Officials from East and Horn of Africa (EHoA) came together during a second Regional Ministerial Forum to discuss the harmonization of labour migration policies in the region. Ministers from Kenya, Uganda, South Sudan, Sudan, Ethiopia, Somalia, Djibouti, Rwanda and Burundi came together in an attempt to harmonize labour migration policies in the region. The Regional Ministerial Forum on Migration (RMFM) calls on countries to cooperate towards establishing a common platform for engagement between countries of origin, transit and destination of migration. Commitments have been made to try and make labour migration safe, orderly and humane. 

Read the Relief Web article here:

Access the full report here: 


International Coverage


The Trump administration keeps targeting African immigrants

Mail & Guardian – 3 November 2020

The Trump administration has had an overall strategy over the last four years, to target African immigration. The administration attempted to restrict immigration from a quarter of the African continent through the use of its Muslim and African bans. And in the run up to the November election, immigration advocates claimed that ICE had been rapidly increasing the deportations of African immigrants. Although the Trump administration has targeted African immigration more than previous administrations, anti-African policies have been around since the founding of the United States. Immigration advocates are now looking to president-elect Joe Biden as their main hope for repealing some of the harsher measures passed in the last four years. Unfortunately, Biden’s immigration platform has no measures that are designed to specifically alleviate the concerns of African immigrants. 

Read the full article from the Mail & Guardian here:

Read more about Biden’s immigration platform here: 

Read about the work that The Leadership Conference on Civil & Human Rights is doing to try and ensure that Cameroonians are not returned to a country that has become temporarily unsafe for its residents: 


How is the pandemic affecting remittances to fragile and conflict affected settings?

World Bank Blogs – 20 November 2020

Migrants and refugees are among the vulnerable populations that have been hardest hit by the COVID-19 pandemic. The pandemic has been especially difficult for the families of migrants and refugees who depend on the money that is sent home. Countries affected by fragility and conflict have households that rely solely on remittances to help them survive every month. The economic crisis induced by the pandemic is expected to cause a large decline in remittance flows globally in 2020. The drop is expected to be exceptionally sharp in countries like Nigeria, the largest remittance-receiving country in sub-Saharan Africa. Lockdowns, travel restrictions and social distancing measures have resulted in widespread job losses, with the adverse effects being disproportionately high for migrants as they typically work in the informal sector. So far, government responses to the pandemic have focused on helping their own citizens.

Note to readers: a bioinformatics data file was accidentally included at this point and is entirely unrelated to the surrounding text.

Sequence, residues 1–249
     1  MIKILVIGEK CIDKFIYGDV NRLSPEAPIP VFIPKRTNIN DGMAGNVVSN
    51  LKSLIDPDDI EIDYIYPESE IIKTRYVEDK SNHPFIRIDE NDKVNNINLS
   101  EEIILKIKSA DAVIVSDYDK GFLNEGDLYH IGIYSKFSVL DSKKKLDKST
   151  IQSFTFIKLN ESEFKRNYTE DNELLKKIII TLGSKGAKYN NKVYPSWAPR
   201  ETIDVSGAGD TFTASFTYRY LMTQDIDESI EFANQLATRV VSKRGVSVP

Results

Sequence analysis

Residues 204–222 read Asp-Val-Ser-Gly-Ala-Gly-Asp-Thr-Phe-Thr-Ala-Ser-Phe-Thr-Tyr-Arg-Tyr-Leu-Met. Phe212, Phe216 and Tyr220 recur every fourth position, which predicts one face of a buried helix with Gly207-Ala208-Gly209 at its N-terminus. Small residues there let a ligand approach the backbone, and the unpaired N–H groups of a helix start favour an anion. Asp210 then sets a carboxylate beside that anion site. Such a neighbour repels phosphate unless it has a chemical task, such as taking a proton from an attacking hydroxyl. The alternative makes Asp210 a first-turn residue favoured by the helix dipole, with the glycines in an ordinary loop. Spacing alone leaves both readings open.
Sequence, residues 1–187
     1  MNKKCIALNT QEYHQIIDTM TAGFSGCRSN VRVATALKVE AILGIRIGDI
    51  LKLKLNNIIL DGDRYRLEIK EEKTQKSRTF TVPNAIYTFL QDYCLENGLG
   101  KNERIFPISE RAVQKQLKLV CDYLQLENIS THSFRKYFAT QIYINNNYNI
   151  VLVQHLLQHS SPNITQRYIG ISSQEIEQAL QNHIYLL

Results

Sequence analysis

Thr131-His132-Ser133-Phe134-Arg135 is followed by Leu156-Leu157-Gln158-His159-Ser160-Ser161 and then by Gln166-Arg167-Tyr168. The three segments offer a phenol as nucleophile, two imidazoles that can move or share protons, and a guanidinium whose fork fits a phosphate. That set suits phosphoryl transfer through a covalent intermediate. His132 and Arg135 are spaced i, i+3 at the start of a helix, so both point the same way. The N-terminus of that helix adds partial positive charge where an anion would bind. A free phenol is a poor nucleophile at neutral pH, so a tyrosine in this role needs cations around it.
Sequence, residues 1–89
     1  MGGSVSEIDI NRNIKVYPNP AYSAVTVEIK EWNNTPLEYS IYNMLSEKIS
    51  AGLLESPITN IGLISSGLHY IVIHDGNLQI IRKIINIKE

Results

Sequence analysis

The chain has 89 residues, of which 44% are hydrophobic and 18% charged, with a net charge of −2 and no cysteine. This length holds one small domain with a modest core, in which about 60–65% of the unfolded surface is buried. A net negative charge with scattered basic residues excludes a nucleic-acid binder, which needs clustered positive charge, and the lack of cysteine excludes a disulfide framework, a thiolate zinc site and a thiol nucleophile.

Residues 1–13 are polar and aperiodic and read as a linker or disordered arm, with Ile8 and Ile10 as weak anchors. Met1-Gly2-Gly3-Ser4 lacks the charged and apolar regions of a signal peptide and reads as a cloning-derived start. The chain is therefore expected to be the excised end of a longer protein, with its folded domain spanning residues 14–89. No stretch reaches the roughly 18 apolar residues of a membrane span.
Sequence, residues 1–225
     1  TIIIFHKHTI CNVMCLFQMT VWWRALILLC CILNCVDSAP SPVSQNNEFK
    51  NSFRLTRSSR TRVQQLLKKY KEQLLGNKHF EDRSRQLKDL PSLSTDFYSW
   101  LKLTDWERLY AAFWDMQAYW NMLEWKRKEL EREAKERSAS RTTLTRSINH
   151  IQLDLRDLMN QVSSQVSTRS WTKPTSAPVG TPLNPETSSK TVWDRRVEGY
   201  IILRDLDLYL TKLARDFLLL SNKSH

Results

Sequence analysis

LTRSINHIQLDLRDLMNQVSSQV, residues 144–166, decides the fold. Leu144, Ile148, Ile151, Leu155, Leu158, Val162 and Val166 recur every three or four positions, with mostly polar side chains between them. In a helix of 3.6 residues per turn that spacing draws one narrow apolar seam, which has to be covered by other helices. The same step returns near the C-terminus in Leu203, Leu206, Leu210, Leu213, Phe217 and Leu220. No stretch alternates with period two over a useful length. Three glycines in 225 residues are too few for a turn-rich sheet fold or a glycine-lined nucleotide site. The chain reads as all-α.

Read the full blog post here:

Access the World Bank’s FSC list here: 


US cuts refugee admissions, creating doubt for tens of thousands of applicants

VOA News – 6 November 2020

In the 2021 fiscal year, the United States will only admit a maximum of 15,000 refugees – an all-time low. Coupled with this, the administration has suspended entry for most refugees from Syria, Somalia and Yemen, citing terrorism risks. The administration has claimed that the cap is justified for humanitarian concerns, but the number of Syrian, Somali and Yemeni refugees that have been referred for resettlement in the United States is almost double the number established by the cap. As of October 2020, 27,023 individuals were already approved for resettlement in the United States, pending security checks. There are exceptions that can be made for refugees of these three restricted nations who have been persecuted, have a well-founded fear of persecution or have been referred by a U.S. embassy. But it remains unclear as to how many of the 27,023 individuals fall into these exempted categories. 

Read the full article on VOA News here:

Related story: 

Access the notice published in the Federal Register by the Trump administration: 


Biden pledges to raise refugee ceiling to 125,000 in address to Jesuit group

Episcopal News Service-13 November 2020

In stark contrast to the extensive cuts in the U.S refugee program under the Trump administration, President-elect Joe Biden announced he will raise the number of refugees allowed into the United States to 125,000 in his first year in office. The figure is more than 8 times higher than the 2020 figure under President Trump (15,000) and is greater than the 110, 000 in President Obama’s last term of office. As the Presiden-elect said to the Jesuit Refugee Service on 12 November: “I promise, as president, I will reclaim that proud legacy for our country. The Biden-Harris administration will restore America’s historic role in protecting the vulnerable and defending the rights of refugees everywhere and raising our annual refugee admission target to 125,000.”

Read the full article on Episcopal News Service here:

Also see article entitled: From Asia to Africa, refugees hope Biden win could help rebuild lives 10 November 2020 accessed at 


Photo by Muhammadtaha Ibrahim Ma'ajion Unsplash